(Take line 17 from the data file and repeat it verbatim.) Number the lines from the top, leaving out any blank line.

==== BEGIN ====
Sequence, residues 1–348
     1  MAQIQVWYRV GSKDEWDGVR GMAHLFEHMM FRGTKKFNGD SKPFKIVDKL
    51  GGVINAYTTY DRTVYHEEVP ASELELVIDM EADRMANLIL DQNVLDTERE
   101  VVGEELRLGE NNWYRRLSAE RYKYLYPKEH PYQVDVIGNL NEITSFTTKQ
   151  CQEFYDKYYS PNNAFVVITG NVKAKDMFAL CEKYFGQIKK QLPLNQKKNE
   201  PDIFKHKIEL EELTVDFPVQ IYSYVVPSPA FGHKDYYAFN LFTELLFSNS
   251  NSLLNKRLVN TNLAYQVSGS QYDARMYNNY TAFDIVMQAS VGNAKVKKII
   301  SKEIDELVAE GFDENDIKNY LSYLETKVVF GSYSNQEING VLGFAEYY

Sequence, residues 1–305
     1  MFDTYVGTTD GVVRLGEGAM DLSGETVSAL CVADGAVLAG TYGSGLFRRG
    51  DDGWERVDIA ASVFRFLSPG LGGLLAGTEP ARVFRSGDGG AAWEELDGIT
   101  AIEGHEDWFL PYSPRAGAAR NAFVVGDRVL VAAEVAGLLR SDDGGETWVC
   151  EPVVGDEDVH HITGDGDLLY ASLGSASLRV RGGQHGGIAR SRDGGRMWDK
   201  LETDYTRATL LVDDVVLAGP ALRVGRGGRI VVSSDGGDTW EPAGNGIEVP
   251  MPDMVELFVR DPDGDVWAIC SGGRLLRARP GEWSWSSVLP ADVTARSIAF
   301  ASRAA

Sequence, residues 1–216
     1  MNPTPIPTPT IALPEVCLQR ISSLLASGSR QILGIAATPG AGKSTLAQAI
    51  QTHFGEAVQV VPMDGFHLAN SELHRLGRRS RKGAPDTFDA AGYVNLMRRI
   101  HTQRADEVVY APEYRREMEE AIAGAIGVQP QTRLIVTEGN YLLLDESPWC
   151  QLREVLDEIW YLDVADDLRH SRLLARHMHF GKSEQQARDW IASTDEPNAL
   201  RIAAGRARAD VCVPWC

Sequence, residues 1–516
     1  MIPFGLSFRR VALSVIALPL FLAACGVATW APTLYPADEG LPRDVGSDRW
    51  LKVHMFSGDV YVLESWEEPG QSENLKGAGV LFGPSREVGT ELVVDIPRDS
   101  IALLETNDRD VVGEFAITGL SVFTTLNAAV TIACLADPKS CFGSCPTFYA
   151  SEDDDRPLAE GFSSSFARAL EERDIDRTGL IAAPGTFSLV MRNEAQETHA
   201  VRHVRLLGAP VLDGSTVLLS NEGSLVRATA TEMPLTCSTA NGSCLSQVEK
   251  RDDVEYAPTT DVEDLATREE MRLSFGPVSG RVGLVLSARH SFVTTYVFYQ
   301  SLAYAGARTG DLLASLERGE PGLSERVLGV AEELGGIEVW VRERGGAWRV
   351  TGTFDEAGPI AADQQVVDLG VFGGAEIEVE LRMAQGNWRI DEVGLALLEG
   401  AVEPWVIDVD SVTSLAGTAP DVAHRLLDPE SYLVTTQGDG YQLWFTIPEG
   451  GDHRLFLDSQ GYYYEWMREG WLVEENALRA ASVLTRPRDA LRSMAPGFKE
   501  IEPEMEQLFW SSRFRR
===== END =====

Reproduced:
Sequence, residues 1–216